Frito-Lay, the snack division of US soft drinks group Pepsi, has bought its only serious rival in the Indian potato chip market, Uncle Chipps. The acquired brand belongs to Uncle Chipps Co. Ltd, based near Delhi. Frito Lay is also buying some machinery from the company.

Neither side disclosed the price. Brands not past the hump in the product life cycle have been sold in the near past at approximately the annual sale value, which, in this case, is around US$9m. Amrit Agro, owners of Uncle Chipps. will continue manufacturing the product on contract for Pepsi at their existing facility at Silvassa, a sales tax haven 100 miles north of Bombay. Amrit Agro will continue operating in its other product categories.

The snack foods business in India is huge and growing fast. In the packaged snacks business, estimated at about US$600m, packaged potato chips account for about US$44m. This market is dominated by Frito-Lay, Uncle Chipps, Hello and Haldiram, although major cities also have local favourites.

Adapted to Indian culture
Frito Lay is marketed in seven flavours : Pudina Punch, Classic Salted, Tangy tomato, Magic Masala, Saucy Ketchup and two new flavours, "American Style Cream n Onion", and Lehar Kurkure. Pudina is an Indian flavouring herb. 'Masala' in most Indian languages means 'spice,' and 'kurkura' means 'crisp.' 'Lehar,' meaning a surf of water or pleasant wind, is Pepsi's favourite word for some of its products, including a drink. The Frito Lay brand is relatively unknown despite the product's success : consumers still ask for it by its old name, Ruffles. Other brands are Lehar and Cheetos.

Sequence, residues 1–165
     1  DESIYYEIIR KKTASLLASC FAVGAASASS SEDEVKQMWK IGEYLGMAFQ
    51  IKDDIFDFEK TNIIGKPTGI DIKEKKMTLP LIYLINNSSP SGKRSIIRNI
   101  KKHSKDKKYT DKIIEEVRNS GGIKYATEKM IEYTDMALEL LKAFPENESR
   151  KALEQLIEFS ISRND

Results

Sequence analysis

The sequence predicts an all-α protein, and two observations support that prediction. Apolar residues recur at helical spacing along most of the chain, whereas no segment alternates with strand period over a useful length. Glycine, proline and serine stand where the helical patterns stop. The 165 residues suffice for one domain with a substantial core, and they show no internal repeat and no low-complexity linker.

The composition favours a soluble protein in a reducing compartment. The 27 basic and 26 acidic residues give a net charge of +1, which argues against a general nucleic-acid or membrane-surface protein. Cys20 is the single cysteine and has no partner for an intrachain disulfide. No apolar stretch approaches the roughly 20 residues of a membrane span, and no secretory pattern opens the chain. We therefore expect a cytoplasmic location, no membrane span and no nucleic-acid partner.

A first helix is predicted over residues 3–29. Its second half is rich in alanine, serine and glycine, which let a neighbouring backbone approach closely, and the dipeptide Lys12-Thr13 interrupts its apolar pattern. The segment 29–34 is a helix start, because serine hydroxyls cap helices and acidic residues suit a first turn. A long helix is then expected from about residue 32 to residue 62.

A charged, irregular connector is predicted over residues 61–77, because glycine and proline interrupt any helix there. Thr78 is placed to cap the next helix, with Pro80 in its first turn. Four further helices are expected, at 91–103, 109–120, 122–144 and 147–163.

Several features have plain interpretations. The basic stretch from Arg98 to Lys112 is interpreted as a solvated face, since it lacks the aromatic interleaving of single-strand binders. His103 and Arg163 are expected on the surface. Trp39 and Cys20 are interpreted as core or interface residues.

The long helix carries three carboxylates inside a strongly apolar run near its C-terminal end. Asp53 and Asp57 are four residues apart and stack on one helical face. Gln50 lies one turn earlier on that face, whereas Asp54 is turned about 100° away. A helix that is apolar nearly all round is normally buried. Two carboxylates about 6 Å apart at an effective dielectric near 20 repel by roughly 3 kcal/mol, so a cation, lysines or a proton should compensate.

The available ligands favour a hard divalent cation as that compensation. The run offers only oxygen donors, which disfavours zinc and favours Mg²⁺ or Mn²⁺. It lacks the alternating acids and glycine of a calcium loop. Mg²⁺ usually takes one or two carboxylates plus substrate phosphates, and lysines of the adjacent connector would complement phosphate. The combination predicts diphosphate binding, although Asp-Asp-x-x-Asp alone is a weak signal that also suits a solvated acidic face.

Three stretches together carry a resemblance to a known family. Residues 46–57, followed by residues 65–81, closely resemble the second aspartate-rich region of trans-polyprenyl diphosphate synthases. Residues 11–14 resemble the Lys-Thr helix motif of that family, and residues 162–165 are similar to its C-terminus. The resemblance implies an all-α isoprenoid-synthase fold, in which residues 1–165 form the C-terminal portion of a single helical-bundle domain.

Pepsi has also adapted its product portfolio to Indian snacking habits, introducing typically Indian products and names, notably 'bhujia,' a type of vermicelli made by extruding potato flour.

Local production from seed
Pepsi also has a presence in Indian agriculture so as to insulate against price fluctuations, and to grow low-sugar, high solids potato. Besides owning a large farm in northern India, it also has contract farmers. Frito Lay sales last year were around US$28m.

By Navroz Havewala